Environmental Engineering Reference
In-Depth Information
zens—notwithstanding some problems of measurability. Economic incen-
tives in mobility policies can help increase efficiency by reducing unit
costs (Euros per tonne mile or passenger trip) and favoring higher-value
(emergency, freight, service, business trips, and high occupancy vehicles)
over lower-value travel 8 . Efficient market principles (suitable consumer
options, cost-based pricing, efficient prioritization, and neutral public poli-
cies, like congestion and pollution charges) can support economic develop-
ment [6].
Nevertheless, external costs can overcome any benefits: inefficient
transport systems lack in reliability or capacity and increase economic and
social costs, with adverse effects on regional welfare . The environmental
and social impacts of mobility systems are susceptible to economic valua-
tion. They are critical in the presence of fragile ecosystems, vulnerable
people, natural and cultural landscapes, for the link between regional traits,
and opportunities for income generation (e.g., tourism [9]). Social costs
include any impacts on health, employment, and income distribution [10],
but also on land use, real estate values, and the incremental costs of
induced trips [6]. Congestion and accidents also shape quality of life in
terms of prospective capabilities, time consumption, and health care .
Decoupling the environmental impacts of transport from economic
growth is a major challenge [11]. In wealthier countries, economic produc-
tivity tends to increase with reduced motor vehicle travel and higher fuel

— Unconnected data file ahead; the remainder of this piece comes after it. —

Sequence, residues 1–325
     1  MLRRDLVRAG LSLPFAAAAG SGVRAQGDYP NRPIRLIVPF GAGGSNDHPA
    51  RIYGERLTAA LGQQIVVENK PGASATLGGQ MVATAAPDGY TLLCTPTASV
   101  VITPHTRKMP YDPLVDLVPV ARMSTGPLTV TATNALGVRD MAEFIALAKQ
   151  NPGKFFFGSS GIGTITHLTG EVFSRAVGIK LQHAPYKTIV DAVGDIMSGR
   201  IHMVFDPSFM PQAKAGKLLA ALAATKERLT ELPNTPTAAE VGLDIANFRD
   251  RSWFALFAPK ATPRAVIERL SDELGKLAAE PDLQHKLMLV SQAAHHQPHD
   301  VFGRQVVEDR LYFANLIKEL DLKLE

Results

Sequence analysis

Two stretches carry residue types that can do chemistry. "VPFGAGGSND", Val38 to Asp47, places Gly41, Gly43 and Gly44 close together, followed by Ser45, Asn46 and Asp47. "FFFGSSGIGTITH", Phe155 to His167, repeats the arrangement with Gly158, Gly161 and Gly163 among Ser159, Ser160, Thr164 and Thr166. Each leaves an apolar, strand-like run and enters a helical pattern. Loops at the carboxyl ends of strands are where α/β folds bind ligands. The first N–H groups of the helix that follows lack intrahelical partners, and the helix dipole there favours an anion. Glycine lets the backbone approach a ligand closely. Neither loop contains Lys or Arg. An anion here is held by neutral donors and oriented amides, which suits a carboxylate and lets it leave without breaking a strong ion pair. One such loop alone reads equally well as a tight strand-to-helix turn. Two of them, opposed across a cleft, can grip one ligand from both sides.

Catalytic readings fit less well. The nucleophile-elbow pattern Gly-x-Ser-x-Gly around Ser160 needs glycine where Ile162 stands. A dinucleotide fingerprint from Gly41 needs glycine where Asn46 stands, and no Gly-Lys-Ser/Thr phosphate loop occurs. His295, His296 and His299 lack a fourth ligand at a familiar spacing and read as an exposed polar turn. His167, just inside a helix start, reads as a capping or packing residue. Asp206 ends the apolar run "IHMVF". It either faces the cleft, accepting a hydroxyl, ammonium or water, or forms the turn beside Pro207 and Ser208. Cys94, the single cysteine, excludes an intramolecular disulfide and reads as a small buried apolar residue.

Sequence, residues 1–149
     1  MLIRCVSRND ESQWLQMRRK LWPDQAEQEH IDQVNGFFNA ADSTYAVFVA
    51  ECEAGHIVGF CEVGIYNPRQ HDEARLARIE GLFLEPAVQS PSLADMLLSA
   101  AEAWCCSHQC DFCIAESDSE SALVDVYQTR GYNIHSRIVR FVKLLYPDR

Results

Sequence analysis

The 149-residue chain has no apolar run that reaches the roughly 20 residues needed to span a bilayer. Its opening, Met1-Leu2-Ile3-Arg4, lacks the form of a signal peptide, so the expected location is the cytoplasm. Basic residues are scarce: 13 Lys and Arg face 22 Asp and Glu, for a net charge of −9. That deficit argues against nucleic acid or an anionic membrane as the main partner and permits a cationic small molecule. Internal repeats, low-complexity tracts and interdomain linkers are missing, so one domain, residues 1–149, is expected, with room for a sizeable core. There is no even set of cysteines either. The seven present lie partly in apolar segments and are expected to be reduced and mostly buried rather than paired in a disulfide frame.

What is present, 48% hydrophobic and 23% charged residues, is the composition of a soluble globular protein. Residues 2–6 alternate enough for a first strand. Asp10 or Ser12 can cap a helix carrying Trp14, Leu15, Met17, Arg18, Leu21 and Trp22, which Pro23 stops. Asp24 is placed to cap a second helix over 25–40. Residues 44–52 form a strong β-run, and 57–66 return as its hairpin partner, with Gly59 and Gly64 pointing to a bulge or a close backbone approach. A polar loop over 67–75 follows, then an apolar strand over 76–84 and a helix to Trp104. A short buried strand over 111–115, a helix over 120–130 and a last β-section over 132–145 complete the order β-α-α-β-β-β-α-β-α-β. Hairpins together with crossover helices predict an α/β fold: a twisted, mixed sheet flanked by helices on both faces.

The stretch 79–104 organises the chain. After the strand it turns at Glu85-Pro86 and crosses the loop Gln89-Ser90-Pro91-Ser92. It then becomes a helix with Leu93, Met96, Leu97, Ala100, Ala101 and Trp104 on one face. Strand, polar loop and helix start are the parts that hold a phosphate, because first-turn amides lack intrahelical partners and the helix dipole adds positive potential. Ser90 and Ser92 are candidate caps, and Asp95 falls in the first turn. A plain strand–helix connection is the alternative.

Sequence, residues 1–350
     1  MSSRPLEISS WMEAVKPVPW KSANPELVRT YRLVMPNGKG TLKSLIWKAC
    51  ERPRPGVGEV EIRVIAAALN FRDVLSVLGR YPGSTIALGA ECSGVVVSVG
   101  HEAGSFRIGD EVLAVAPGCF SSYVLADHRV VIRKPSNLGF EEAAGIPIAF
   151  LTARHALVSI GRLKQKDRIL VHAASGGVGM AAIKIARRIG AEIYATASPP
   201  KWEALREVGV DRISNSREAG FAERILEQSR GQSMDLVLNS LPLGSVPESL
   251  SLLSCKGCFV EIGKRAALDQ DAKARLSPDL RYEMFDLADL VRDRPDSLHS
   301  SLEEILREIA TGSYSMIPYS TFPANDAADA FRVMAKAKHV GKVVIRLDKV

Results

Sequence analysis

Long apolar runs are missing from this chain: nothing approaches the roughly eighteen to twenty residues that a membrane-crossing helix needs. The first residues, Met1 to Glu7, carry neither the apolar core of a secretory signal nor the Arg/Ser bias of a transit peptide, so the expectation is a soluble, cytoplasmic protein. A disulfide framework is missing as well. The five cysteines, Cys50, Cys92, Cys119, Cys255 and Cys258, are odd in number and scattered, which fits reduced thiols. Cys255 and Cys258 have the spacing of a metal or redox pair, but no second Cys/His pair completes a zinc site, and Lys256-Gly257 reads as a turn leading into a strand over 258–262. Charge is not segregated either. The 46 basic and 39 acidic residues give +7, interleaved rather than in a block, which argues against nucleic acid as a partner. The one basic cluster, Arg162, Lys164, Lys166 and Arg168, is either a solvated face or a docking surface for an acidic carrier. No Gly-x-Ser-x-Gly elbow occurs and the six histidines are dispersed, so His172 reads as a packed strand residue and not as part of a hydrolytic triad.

prices [6], when a “sustainability threshold” is broken. A balance has to be
sought: mobility services have costs and benefits for the whole of society.
Any exercise to address mobility and quality of life should include several
cost categories and the influences that economics can help recognize and
OECD (1996) Proceedings OECD International Conference Toward Sustainable Trans-
portation. Hull
Stiglitz J E, Sen A, Fitoussi J P (2009) Report by the Commission on the Measurement
of Economic Performance and Social Progress
World Bank (1996) Sustainable transport: priorities for policy reform. Washington, D C
World Bank (2008) Safe, clean, and affordable - transport for development. The World
Bank Group's Transport Business Strategy 2008-2012, Washington, D C
Rodrigue J P, Comtois C, Slack B (2009) The geography of transport system. Routledge,
New York
Litman (2010) Evaluating transportation economic development impacts. Transport Pol-
icy Institute, Victoria
8 Some types of incentives can raise moral dilemmas, e.g., driving on the “express lanes” of US
freeways by paying a fee [9].
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